Take IRON MAN 2, for instance. In this brief discussion, let me remind you that at its best, fiction is revelatory. As such, it can reveal different things to different people. I am NOT saying what IRON MAN 2 is “about”. Only the filmmaker knows what he or she wanted IRON MAN 2 to be “about”.

But it revealed a few things to me.

First of all is that “It doesn’t matter how you dress up, what really matters is what’s in your heart.” With palladium as the only metal that could withstand the forces of the Arc unit, Tony Stark was being poisoned. It showed not only in the toxic levels of palladium in his blood, but in his behavior as well. He was a hero and the most powerful being on Earth, but things were not right in his heart.

Secondly, the only real power for his heart was a new element in the shape of a triangle that came from hints left by his father. Now if that doesn’t stir your Christian imagination, I don’t know what will! For me, the revelation was clear: a triangle – Father, Son, and Holy Spirit – in my heart is ALL that can power my walk with Christ. It is the only thing that can stop my slow slide into eternal death. The place the power comes from is, of course, our Father, who art in Heaven…

Oh, third but not last, it also revealed to me that I can still enjoy a grand adventure with my son, late night movie and all!

What’s your IRON MAN 2 revelation?

image from:

May 21, 2010

WRITERS DIGEST PRESENTS "Dear Lucky Agent Contest"!

Hey folks!
I'm entering a little contest using my newest YA novel, HEIRS OF THE SHATTERED SPHERES: EMERALD OF EARTH!

One of the requirements is that I mention the contest blog: GUIDE TO LITERARY AGENTS ( ) plus add it to my blogroll below. If you're interested, go to the blog (it's got TONS of information), look around and enjoy!

May 20, 2010

A SHORT, LONG JOURNEY NORTH 11: July 7, 1946 to July 8, 1946

This series is a little bit biographical and a little bit imaginary about my dad and a road trip he took in the summer of 1946, when he turned fifteen. He and a friend hitchhiked from Loring Park to Duluth, into Canada and back again. He was gone from home for a month. I was astonished and fascinated by the tale. So I added some imaginary elements and what's below is the result! To read earlier SHORT LONG JOURNEY NORTH, click on the label to the right. The FIRST entry is on the bottom!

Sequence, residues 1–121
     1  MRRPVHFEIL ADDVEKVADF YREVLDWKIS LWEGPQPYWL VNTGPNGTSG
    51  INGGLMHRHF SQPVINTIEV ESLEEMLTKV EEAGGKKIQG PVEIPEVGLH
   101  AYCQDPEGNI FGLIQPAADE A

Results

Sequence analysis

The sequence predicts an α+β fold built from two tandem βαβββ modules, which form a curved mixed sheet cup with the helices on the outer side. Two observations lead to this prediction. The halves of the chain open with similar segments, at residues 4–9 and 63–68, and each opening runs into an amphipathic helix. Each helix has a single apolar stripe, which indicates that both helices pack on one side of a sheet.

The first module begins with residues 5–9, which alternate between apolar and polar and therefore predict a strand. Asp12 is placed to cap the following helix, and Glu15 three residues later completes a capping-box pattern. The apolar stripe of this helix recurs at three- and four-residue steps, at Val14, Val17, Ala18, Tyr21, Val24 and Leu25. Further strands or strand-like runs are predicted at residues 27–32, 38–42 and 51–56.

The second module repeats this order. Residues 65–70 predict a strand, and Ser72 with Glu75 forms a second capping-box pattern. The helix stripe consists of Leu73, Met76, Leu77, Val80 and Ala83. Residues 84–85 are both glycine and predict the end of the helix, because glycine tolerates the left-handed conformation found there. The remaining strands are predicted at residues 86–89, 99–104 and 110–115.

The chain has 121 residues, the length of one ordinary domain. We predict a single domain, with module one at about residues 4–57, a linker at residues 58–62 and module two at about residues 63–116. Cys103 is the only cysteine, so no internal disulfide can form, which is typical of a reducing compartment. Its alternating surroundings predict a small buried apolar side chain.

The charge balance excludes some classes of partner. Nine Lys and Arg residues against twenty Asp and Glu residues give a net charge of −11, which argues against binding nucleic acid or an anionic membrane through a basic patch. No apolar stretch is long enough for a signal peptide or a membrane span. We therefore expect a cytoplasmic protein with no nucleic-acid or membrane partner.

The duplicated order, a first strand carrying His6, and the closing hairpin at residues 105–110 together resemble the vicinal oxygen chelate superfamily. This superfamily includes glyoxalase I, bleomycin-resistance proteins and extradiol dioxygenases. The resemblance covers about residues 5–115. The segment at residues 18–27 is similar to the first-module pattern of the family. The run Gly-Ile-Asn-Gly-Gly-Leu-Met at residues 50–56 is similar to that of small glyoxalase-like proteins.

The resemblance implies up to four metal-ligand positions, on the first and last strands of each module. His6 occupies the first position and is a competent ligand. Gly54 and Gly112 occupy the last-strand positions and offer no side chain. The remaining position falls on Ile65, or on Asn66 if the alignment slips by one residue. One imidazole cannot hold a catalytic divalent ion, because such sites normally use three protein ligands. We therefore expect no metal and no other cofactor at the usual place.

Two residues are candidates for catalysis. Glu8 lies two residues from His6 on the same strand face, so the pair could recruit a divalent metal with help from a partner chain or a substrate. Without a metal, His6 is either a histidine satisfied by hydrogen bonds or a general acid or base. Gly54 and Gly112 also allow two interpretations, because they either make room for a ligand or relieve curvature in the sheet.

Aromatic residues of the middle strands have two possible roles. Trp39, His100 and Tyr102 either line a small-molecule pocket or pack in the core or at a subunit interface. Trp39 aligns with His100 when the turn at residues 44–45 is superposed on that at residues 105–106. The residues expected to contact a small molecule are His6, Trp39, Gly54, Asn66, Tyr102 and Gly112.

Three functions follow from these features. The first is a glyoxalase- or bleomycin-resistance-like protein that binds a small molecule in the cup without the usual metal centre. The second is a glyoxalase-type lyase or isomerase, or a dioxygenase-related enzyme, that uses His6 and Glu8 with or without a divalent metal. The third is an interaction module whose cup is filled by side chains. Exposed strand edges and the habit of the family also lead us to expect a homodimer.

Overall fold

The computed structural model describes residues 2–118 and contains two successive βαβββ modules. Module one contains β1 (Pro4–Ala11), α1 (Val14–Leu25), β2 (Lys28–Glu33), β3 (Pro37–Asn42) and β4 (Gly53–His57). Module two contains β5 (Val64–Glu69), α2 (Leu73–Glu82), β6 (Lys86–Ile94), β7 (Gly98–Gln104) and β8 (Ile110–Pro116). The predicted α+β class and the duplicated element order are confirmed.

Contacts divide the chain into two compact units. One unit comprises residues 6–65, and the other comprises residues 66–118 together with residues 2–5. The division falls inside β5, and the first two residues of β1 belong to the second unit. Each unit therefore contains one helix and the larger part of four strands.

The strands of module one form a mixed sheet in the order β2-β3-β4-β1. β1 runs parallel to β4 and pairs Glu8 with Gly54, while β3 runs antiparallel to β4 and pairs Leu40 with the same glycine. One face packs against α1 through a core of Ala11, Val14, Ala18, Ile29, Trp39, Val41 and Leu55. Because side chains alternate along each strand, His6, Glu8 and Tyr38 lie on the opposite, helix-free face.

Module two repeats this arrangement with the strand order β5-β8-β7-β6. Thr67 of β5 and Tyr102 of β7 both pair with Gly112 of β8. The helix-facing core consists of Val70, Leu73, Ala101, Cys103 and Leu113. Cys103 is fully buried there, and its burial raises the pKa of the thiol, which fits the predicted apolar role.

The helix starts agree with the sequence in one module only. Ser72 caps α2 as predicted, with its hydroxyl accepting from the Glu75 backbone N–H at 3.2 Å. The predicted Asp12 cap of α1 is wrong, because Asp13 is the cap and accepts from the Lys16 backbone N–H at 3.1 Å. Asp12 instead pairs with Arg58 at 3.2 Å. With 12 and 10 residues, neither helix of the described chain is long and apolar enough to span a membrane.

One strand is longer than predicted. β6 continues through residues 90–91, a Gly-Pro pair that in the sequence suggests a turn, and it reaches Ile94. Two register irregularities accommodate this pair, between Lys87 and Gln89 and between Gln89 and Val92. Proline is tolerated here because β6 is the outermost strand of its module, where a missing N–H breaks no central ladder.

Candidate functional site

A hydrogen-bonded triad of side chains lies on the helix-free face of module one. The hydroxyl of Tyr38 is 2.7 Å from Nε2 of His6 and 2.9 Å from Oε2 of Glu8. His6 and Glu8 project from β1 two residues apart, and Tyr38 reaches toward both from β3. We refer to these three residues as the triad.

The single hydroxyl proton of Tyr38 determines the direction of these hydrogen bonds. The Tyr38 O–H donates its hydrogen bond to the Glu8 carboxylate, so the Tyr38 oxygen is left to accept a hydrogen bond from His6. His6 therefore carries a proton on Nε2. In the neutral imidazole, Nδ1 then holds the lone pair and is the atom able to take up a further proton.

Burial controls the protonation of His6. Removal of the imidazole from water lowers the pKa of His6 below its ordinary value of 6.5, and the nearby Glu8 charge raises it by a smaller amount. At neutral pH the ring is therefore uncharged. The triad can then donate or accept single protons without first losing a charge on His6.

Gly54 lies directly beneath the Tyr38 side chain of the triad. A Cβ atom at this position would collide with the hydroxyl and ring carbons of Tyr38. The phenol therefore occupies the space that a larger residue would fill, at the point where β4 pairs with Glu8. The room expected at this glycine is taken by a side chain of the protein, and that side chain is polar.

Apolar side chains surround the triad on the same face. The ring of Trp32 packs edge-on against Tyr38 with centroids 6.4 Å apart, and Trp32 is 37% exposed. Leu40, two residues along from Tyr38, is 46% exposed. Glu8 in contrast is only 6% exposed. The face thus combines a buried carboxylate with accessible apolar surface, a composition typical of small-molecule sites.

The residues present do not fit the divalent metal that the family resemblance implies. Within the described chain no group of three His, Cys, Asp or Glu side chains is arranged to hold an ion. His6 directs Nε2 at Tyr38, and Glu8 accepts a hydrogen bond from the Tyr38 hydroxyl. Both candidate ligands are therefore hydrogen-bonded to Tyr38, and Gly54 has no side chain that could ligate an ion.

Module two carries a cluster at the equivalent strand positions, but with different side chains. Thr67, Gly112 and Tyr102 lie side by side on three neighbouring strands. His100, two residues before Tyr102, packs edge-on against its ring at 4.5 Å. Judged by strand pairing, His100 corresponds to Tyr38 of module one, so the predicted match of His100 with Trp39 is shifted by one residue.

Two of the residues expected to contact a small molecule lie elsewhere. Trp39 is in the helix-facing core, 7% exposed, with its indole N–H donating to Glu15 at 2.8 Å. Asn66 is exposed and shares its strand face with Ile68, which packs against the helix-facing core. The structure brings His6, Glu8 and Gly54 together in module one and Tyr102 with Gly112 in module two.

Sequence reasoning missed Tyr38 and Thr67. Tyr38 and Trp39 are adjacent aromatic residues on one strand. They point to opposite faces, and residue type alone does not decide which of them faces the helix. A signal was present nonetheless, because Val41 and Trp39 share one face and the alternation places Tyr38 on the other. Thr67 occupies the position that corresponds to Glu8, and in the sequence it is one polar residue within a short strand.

Every time they heard a car coming, Tommy Hastings and Freddie Merrill jumped in the ditch.

After about the fifteenth time, Freddie said, “Can we go back home, now?”

Tommy didn’t respond, trudging along the asphalt road with the sun creeping up on being right overhead.

After another two cars, Tommy crawled wearily up the side of the ditch.

Freddie lay there, staring up at the sky. Tommy said, “Come on, we gotta keep going.”

“I don’t want to go to Duluth any more,” Freddie said.

From the top of the ditch, Tommy looked down and said, “What?”

Freddie looked up at Tommy, even though he was still on his back and he was laying feet first in the ditch. They were looking at each other upside down. Freddie said, “I don’t want…”

“I heard you the first time, stupid!”

“Then why’d you say ‘what?’ like you didn’t hear me?”

“I heard you just fine. I just couldn’t believe you don’t want to go to Duluth.”

“What’s in Duluth that you’re so all fired up to get to?”

Tommy didn’t say anything. Instead, he turned his back on Freddie in the ditch. Scowling fiercely, Freddie rolled to his belly and climbed out like he was a soldier in the trenches of France during World War I. His dad had fought in WWI when he was a really young. He talked about it a lot when he was drunk. Never when he was sober. Freddie got to his feet and went around Tommy and said, “What’s in…”

“I heard you the first time.”

“Well? What’s there?”

“Nothin’,” Tommy said and started walking toward Aitkin, which was still nearly forty miles north.

Freddie ran after him, passed his and stopped in front of him. He said, “Then why are we walking a million miles?”

“It’s only about two hundred,” said Tommy, walking around Freddie.

Freddie caught up with him and grabbed his shirt, yanking and pulling him around. “Why are we walking two hundred miles to Duluth?”